Table of Contents

Chapter 1: Where in the Genome Does DNA Replication Begin?

A Journey of a Thousand Miles

Hidden Messages in the Replication Origin

          DnaA boxes

          Hidden messages in "The Gold-Bug"

          Counting words

          The Frequent Words Problem

          Frequent words in Vibrio cholerae

Some Hidden Messages are More Surprising than Others

An Explosion of Hidden Messages

          Looking for hidden messages in multiple geomes

          The Clump Finding Problem

The Simplest Way to Replicate DNA

Asymmetry of Replication

Peculiar Statistics of the Forward and Reverse Half-Strands

          Deamination

          The skew diagram

Some Hidden Messages are More Elusive than Others

A Final Attempt at Finding DnaA Boxes in E. coli

Epilogue: Complications in oriC Predictions

Open Problems

          Multiple replication origins in a bacterial genome

          Finding replication origins in archaea

          Finding replication origins in yeast

          Computing probabilities of patterns in a string

Charging Stations

          The frequency array

          Converting patterns to numbers and vice-versa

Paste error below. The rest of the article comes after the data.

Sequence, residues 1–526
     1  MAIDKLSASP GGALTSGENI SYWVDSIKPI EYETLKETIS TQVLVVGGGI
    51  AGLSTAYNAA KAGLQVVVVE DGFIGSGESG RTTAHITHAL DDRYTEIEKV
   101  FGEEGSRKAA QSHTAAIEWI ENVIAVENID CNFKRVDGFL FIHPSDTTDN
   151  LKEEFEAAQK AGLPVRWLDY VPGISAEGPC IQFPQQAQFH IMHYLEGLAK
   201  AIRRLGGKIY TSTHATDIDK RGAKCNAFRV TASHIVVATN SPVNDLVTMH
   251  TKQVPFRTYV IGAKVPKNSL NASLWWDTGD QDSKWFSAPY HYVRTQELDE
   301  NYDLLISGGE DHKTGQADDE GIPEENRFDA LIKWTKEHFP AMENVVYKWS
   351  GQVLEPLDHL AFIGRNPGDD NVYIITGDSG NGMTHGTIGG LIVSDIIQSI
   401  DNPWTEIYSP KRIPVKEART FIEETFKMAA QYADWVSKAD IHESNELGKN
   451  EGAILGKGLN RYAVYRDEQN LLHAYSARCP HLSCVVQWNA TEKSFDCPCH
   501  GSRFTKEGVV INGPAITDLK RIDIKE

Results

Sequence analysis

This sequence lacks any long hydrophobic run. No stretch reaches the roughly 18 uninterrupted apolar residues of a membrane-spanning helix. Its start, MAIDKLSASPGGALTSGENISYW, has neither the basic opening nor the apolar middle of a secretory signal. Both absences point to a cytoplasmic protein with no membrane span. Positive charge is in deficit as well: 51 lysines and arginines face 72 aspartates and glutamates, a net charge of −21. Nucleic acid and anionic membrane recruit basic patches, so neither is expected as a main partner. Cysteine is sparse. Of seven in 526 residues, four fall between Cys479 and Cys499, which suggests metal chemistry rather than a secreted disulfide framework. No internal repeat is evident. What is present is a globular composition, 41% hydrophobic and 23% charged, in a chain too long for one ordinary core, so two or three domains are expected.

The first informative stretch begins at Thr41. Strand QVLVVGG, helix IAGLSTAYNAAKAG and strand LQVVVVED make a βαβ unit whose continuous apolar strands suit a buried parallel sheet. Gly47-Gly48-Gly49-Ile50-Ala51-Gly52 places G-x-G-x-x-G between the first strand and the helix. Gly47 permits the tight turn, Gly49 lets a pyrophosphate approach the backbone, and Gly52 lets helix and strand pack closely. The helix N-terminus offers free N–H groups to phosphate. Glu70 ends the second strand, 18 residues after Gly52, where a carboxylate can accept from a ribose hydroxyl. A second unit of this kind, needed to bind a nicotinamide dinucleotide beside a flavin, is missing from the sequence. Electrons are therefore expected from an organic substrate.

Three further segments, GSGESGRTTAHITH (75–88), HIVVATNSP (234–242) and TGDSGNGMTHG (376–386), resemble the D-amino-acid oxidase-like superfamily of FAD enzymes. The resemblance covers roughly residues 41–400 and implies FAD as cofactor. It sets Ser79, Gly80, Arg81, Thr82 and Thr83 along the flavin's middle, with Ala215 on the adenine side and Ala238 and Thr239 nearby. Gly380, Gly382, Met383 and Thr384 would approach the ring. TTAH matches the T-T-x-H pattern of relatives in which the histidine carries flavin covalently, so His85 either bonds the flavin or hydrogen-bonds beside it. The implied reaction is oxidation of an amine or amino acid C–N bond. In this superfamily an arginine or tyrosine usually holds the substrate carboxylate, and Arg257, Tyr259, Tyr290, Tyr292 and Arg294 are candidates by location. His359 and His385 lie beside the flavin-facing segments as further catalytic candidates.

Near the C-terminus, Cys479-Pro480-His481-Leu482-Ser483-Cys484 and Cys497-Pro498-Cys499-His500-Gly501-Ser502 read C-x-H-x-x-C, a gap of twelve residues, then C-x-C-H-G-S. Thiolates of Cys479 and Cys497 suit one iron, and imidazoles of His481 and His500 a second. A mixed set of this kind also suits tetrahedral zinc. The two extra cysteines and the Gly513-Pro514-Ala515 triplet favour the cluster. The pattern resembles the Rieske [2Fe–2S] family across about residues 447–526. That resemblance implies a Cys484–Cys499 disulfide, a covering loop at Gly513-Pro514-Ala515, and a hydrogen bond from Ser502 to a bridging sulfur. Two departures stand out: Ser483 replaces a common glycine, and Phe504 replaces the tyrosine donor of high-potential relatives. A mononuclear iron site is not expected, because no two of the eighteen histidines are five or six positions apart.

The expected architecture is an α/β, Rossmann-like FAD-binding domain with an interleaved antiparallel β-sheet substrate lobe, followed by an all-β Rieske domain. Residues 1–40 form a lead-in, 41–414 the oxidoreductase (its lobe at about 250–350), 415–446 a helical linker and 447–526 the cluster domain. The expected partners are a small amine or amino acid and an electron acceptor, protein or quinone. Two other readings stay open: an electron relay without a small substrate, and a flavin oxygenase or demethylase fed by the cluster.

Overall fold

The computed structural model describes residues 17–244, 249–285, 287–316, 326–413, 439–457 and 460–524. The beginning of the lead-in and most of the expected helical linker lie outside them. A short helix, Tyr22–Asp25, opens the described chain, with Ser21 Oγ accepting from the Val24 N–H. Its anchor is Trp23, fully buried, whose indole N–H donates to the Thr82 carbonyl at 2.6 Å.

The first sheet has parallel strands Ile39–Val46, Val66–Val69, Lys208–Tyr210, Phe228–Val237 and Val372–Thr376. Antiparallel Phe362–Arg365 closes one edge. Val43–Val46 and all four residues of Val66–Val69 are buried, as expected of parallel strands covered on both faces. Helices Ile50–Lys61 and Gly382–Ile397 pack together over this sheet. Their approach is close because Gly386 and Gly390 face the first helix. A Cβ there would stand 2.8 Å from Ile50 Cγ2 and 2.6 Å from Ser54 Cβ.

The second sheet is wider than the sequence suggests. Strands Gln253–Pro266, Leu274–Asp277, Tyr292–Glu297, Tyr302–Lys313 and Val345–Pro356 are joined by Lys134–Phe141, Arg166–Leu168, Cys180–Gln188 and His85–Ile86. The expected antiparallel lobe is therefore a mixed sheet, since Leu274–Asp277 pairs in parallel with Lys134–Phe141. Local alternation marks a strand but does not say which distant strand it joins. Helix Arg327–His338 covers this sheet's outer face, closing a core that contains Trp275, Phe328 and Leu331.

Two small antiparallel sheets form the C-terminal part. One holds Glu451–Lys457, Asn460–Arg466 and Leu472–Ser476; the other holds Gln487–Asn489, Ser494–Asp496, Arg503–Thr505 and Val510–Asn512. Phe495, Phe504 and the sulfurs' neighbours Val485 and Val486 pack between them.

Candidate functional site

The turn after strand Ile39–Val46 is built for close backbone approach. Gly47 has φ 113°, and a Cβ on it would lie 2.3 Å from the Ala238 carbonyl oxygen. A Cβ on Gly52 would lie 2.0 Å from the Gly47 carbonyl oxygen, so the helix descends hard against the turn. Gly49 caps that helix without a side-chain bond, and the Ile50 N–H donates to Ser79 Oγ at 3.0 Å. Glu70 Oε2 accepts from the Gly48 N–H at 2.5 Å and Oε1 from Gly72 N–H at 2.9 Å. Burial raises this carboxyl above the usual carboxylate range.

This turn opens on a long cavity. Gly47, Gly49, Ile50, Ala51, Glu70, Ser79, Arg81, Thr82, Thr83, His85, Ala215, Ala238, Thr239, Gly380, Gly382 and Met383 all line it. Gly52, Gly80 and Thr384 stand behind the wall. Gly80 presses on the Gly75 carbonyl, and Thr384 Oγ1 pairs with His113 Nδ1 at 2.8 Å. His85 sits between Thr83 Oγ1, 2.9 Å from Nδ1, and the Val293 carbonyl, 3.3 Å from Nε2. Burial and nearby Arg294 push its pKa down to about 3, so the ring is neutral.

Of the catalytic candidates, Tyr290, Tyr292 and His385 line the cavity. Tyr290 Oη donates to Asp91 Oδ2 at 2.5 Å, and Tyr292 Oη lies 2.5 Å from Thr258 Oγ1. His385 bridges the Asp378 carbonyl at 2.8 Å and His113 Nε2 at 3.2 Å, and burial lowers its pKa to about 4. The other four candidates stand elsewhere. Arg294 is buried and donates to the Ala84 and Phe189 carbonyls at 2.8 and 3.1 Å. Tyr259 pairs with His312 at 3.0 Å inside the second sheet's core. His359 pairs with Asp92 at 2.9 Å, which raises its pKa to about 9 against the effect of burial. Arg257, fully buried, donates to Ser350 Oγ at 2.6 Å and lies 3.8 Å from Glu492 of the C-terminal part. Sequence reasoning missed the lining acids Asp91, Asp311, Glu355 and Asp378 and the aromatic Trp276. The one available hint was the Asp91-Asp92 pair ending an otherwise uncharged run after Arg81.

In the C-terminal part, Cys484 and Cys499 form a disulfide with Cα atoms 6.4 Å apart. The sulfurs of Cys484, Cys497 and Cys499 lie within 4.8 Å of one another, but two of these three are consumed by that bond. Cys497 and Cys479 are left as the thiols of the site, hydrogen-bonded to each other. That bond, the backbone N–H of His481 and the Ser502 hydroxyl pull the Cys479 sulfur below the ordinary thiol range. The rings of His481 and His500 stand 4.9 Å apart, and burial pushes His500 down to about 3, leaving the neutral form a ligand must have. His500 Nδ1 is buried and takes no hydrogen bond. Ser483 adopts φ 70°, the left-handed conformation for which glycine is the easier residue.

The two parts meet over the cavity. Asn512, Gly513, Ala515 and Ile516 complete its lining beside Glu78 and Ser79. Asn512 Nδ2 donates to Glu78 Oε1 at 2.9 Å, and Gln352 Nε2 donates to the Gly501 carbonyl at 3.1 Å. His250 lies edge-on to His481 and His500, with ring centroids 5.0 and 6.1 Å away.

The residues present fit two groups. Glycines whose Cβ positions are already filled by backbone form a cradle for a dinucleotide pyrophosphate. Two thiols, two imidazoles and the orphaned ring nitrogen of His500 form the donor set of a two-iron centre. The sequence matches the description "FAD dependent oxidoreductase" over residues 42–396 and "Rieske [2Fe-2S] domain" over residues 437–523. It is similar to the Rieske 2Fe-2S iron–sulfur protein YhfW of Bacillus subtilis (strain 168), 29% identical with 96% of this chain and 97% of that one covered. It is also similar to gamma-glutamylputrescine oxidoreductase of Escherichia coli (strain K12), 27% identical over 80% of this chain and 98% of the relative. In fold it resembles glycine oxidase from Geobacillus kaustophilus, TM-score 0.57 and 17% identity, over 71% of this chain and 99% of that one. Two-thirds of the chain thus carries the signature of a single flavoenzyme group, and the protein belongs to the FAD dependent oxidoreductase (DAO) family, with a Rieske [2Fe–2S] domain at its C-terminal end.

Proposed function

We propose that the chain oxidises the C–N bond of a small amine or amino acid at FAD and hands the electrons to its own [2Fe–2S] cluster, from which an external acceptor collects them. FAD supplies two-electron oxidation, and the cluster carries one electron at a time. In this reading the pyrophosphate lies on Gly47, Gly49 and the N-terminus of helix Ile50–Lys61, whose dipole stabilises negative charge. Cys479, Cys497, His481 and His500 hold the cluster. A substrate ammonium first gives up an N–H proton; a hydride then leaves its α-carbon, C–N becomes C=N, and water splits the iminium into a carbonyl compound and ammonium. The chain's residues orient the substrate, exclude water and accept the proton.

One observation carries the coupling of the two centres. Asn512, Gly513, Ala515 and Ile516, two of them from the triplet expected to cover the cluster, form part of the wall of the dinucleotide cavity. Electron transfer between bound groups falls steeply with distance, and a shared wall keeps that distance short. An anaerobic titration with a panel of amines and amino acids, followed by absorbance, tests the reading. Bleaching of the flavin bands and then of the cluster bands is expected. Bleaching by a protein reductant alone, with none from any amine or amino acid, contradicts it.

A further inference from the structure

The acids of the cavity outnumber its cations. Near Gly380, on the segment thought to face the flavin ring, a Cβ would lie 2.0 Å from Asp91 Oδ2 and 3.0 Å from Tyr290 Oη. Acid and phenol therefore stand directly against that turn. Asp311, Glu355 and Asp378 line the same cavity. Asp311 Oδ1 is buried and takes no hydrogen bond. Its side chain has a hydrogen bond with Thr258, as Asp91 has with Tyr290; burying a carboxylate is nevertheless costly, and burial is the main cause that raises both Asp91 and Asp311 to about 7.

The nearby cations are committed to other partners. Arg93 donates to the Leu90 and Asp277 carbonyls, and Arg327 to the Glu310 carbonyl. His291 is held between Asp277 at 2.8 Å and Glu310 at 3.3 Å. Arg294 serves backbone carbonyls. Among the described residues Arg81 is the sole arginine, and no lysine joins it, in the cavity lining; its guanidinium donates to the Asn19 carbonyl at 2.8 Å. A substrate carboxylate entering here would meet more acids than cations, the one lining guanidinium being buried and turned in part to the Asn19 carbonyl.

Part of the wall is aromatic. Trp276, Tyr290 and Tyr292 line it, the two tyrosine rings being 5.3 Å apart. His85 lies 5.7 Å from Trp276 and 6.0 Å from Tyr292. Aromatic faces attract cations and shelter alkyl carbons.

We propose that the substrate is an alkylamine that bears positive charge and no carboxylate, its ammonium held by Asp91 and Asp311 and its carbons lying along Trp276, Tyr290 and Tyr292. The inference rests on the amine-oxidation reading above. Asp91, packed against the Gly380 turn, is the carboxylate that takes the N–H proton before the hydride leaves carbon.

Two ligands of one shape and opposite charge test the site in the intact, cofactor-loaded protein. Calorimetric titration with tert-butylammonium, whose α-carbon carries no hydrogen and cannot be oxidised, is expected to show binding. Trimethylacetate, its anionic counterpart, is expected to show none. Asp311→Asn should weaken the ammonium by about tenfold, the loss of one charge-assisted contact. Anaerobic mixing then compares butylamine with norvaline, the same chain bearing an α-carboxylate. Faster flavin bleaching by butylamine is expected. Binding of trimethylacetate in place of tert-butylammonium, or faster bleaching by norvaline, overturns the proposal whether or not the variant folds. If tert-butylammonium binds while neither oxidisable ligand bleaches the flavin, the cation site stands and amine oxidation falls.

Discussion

Finding frequent words by sorting

          Solving the Clump Finding Problem

          Solving the Frequent Words with Mismatches Problem

          Generating the neighborhood of a string

          Finding frequent words with mismatches by sorting

Detours

          Big-O notation

          Probabilities of patterns in a string

          The most beautiful experiment in biology

          Directionality of DNA strands

          The Towers of Hanoi

          The overlapping words paradox

Bibliography Notes

Chapter 2: Which DNA Patterns Play the Role of Molecular Clocks?

Do We Have a "Clock" Gene?

Motif Finding is More Difficult than You Think

          Identifying the evening element

          Hide and seek with motifs

          A brute force algorithm for motif finding

Scoring Motifs

          From motifs to profile matrices and consensus strings

          Towards a more adequate motif scoring function

          Entropy and the motif logo

From Motif Finding to Finding a Median String

          The Motif Finding Problem

          Reformulating the Motif Finding Problem

          The Median String Problem

          Why have we reformulated the Motif Finding Problem?

Greedy Motif Search

          Using the profile matrix to roll dice

          Analyzing greedy motif finding

Motif Finding Meets Oliver Cromwell

          What is the probability that the sun will not rise tomorrow?

          Laplace's Rule of Succession

          An improved greedy motif search

Randomized Motif Search

          Rolling dice to find motifs

          Why randomized motif search works

How Can a Randomized Algorithm Perform So Well?

Gibbs Sampling

Gibbs Sampling in Action

Epilogue: How Does Tuberculosis Hibernate to Hide from Antibiotics?

Charging Stations

          Solving the Median String Problem

Detours

          Gene expression

          Dna arrays

          Buffon's needle

          Complications in motif finding

          Relative entropy

Bibliography Notes